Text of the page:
What Is A Grant Of Probate?
When a loved one dies, those left behind are often unsure how to deal with their estate. Concepts such as inheritance tax, estate administration and probate can seem confusing and overwhelming, often further complicating an already acutely stressful situation. Questions abound; what is a Grant of Probate? Do I need one? If so, how can I obtain one? We are here to help. Our experienced probate solicitors will relieve the burden of the administrative tasks that need to be executed following your loved one’s death, providing straightforward advice with empathy and understanding.
What Is Probate?
Probate is the process through which the estate of a deceased person is administered, and their affairs finalised. It involves settling any debts and liabilities and distributing the remainder of the estate to the beneficiaries.
The Grant of Probate is the formal document issued by the Court permitting the executors of an estate to carry out their duties. The executors are ordinarily named in the Will and might be friends or family members of the deceased, or professional executors.
What Is The Purpose Of A Grant Of Probate?
Executors derive their powers from the Will itself as opposed to the Grant of Probate, and there are some circumstances in which obtaining a Grant of Probate might not be necessary. These include where the deceased owned all of their assets jointly, with a spouse for example. Some banks or building societies will release funds below a specified amount without seeing a Grant of Probate, but the limits vary between financial institutions and might be as high as £50,000.
Often, however, a Grant of Probate will be required before the executors can administer the estate. Executors cannot deal with estate property until they have obtained one, and the Court will not grant any Orders applied for without proof of the executor’s authority, as evidenced by the Grant.
What Is The Process For Obtaining A Grant Of Probate?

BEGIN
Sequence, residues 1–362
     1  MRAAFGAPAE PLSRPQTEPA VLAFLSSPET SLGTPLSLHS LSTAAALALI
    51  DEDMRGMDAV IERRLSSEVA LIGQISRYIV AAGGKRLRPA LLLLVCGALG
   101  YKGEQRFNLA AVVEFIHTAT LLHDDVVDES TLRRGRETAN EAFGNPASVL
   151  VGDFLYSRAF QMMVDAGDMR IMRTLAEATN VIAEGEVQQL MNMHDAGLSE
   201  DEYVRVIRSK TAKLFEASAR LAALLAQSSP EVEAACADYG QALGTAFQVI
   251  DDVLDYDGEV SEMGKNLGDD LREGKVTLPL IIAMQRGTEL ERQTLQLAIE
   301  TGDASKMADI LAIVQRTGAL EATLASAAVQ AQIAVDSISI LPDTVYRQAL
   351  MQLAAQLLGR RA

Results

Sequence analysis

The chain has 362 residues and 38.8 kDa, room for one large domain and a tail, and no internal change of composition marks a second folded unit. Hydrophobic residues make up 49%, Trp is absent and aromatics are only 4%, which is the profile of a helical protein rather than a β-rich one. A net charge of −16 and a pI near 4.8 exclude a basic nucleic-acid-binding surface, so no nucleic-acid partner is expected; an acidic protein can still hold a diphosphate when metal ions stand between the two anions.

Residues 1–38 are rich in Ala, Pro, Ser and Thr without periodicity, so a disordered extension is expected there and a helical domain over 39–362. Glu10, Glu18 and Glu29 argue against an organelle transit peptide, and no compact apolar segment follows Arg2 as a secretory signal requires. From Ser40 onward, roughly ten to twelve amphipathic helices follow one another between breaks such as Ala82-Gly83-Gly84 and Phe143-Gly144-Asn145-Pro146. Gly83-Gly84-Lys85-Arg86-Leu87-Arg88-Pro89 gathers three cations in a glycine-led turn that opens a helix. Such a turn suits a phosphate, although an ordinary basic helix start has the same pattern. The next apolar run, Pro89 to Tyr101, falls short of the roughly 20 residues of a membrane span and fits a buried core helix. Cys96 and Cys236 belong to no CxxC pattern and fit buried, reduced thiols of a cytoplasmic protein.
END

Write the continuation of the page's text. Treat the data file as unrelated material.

The application process for a Grant of Probate is relatively straightforward and can usually be carried out online. However, before the application is made, the executors need to carry out a number of preparatory tasks, which can involve complex issues of tax and law.
Firstly, the executors need to value the estate. The extent of any debts and liabilities needs to be ascertained, and all assets valued. The executors should write to the banks and building societies at which the deceased held accounts, as well as any other relevant institutions such as insurance companies. Professional valuations of all properties need to be arranged.
Once the value of the estate has been calculated, the executors must establish the extent of any inheritance tax liability. Inheritance tax is charged at a rate of 40% on the part of the estate that exceeds the Inheritance Tax threshold, currently £325,000. At least some of the inheritance tax must be paid before probate will be granted, and the executors cannot distribute the estate until the inheritance tax liability has been satisfied.
When all preliminary work has been completed, the executors can apply for the Grant of Probate. The current processing time is around 16 weeks, although an application can be delayed if problems arise from matters such as incorrect or incomplete information being provided. It is advisable to seek the assistance of specialist probate solicitors where possible to ensure the process runs as smoothly as possible.
Upon receipt of the Grant of Probate, the executors can proceed to administer the estate in accordance with the deceased’s wishes. Debts and liabilities must be settled before the remainder of the estate can be distributed to the beneficiaries. This is often a straightforward case of dividing the estate per the terms of the Will but can be complicated if the Will is disputed or a beneficiary cannot be located.
Do I Need A Solicitor To Obtain A Grant Of Probate?
No, there is no requirement to use a solicitor or any other professional when applying for a Grant of Probate. However, executors often have extensive, arduous duties and can be held personally liable when things go wrong. As a result, many elect to seek assistance from experienced probate solicitors to help them navigate the probate process. Our specialist probate team have years of experience assisting executors at all stages of probate. They will provide comprehensive advice and never confuse you with legal jargon but, instead ensure you fully understand each step of the process and carry out your duties properly. Our firm policy is to provide the highest standard of legal advice in the most cost-effective way, and we will keep you updated on costs throughout the matter.